Monday, December 21, 2009
Friday, December 18, 2009
Tuesday, December 15, 2009
Thursday, December 10, 2009
Wednesday, December 9, 2009
Tuesday, December 8, 2009
Monday, December 7, 2009
Living in a van was my grand social experiment. I wanted to see if I could -- in an age of rampant consumerism and fiscal irresponsibility -- afford the unaffordable: an education.I'm not in anyway advocating living in a van. There are plenty of points to debate with this guy. But you have to admit, it makes a compelling story.
Friday, December 4, 2009
Monday, November 30, 2009
1. Listen to the first 20 minutes of this podcast.
2. Find some credit card offers for young people with limited credit history. If there is an introductory APR, how long does it last? What is the APR after that? What is the default APR? What are the other fees? Here are few that I found that you can explore, but I encourage you to explore what else is out there. (Do not, under any circumstances, type in your personal information.) Can you find any with lower APRs? Check with your parents and see what they think.
Thursday, November 19, 2009
Wednesday, November 18, 2009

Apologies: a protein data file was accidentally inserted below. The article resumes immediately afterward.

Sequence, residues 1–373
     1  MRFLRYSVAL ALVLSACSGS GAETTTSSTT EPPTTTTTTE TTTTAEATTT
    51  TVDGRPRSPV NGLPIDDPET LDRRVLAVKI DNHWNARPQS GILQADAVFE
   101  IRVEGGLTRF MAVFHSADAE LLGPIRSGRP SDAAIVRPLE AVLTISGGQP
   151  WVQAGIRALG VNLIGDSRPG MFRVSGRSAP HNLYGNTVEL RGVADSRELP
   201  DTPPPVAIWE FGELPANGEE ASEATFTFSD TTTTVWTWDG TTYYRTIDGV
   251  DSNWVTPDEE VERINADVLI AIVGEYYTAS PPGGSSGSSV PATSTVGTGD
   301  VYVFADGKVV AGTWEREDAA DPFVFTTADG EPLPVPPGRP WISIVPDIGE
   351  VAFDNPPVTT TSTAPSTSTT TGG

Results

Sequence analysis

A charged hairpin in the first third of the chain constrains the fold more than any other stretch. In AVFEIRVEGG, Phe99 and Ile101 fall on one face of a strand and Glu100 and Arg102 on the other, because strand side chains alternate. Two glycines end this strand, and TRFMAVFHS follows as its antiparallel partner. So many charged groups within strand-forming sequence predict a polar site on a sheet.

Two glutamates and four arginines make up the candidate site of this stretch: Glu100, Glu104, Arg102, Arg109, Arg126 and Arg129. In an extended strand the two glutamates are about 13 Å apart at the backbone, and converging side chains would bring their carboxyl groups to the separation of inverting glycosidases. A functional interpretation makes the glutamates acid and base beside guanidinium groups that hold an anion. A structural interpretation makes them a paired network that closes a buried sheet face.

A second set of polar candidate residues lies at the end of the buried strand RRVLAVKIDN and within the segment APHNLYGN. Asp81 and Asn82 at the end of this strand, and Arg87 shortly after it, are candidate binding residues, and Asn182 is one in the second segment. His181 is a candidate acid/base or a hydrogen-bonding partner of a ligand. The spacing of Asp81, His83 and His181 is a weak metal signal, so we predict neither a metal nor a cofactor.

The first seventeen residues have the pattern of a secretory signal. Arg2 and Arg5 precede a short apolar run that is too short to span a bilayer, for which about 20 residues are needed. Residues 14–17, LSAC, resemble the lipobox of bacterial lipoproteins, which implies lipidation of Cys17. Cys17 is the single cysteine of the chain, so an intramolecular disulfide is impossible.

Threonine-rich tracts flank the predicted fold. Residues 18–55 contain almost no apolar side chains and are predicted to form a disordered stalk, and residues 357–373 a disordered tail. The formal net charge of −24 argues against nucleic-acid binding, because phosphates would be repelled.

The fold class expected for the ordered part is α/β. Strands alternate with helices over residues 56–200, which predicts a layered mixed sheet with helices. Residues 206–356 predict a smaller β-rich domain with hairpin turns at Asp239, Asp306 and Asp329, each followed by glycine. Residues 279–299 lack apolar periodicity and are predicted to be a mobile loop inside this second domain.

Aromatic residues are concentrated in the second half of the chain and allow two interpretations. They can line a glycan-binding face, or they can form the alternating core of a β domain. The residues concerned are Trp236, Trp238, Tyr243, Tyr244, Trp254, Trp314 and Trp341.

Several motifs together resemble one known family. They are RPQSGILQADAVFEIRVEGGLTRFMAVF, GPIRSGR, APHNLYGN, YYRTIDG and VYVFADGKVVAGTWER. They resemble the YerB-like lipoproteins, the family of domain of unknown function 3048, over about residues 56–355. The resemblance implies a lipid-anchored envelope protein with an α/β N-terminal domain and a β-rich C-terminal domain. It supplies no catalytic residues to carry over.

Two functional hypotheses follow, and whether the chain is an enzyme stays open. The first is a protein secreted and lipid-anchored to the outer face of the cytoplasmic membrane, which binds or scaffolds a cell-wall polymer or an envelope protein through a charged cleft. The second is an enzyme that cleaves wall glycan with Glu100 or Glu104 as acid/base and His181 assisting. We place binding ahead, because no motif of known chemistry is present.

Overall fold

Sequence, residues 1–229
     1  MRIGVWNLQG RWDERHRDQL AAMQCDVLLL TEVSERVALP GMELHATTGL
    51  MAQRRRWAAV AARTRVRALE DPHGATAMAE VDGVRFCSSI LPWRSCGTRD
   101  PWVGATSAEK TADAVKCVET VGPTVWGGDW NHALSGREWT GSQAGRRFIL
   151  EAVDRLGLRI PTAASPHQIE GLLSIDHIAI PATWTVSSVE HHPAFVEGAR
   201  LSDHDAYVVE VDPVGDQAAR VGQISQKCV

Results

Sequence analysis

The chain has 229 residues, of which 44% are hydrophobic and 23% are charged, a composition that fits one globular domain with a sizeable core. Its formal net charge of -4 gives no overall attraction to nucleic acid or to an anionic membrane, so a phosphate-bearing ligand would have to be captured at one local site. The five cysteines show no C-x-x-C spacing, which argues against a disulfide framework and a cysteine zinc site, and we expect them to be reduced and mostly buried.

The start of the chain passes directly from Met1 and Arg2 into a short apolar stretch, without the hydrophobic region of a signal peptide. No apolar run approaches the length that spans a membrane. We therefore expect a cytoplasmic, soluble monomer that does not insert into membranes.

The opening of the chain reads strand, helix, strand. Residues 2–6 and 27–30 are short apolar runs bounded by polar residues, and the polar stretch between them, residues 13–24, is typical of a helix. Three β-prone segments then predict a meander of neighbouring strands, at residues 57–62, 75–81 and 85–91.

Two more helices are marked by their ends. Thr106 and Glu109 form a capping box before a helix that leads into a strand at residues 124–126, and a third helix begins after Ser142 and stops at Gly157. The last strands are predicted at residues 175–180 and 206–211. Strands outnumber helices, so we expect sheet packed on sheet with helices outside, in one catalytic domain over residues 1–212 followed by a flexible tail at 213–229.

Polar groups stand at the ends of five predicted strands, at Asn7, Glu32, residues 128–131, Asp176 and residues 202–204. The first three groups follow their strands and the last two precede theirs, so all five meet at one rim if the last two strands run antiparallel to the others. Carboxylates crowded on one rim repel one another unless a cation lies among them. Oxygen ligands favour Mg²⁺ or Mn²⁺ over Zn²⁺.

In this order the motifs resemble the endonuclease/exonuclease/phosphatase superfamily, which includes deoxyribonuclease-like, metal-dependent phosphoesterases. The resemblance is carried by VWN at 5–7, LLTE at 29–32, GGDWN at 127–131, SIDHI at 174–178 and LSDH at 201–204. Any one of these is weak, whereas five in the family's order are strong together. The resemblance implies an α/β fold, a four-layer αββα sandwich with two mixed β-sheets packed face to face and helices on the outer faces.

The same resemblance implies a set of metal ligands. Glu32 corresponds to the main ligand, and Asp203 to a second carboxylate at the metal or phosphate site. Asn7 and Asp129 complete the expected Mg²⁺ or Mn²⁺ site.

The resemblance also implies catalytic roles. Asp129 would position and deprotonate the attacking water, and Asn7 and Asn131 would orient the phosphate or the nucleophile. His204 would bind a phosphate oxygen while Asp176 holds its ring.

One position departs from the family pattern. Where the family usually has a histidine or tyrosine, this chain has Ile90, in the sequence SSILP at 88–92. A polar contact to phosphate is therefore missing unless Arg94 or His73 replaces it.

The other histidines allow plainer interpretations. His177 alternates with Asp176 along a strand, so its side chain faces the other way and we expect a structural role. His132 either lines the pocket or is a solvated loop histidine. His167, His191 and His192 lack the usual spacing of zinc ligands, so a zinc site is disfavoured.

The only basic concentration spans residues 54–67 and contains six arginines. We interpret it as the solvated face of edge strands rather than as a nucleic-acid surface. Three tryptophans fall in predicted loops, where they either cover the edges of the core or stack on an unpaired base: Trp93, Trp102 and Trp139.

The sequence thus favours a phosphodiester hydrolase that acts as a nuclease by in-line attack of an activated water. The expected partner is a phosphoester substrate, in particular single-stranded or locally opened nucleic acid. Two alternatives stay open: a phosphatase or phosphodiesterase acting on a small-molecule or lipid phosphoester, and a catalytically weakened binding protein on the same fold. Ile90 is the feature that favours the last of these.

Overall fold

Now do the same for the function's inverse.
Tuesday, November 17, 2009
Monday, November 16, 2009
Saturday, November 14, 2009
Wednesday, November 11, 2009
Tuesday, November 10, 2009
Tuesday, November 3, 2009
Monday, November 2, 2009
Thursday, October 29, 2009
Monday, October 26, 2009
Friday, October 23, 2009
Thursday, October 22, 2009
Friday, October 16, 2009
Thursday, October 15, 2009
Thursday, October 8, 2009
Wednesday, October 7, 2009
Friday, October 2, 2009
Thursday, October 1, 2009
Wednesday, September 30, 2009
Friday, September 25, 2009
Thursday, September 24, 2009
Monday, September 21, 2009
Hello All - I've read your reflection posts, and your concerns are all over the place. Some people are most concerned about direct and inverse variation, others about solving absolute value inequalities, others graphing.
As part of your studying, remember to check out the absvalue label on this blog. It will show you all the class notes and the scribe posts from the unit.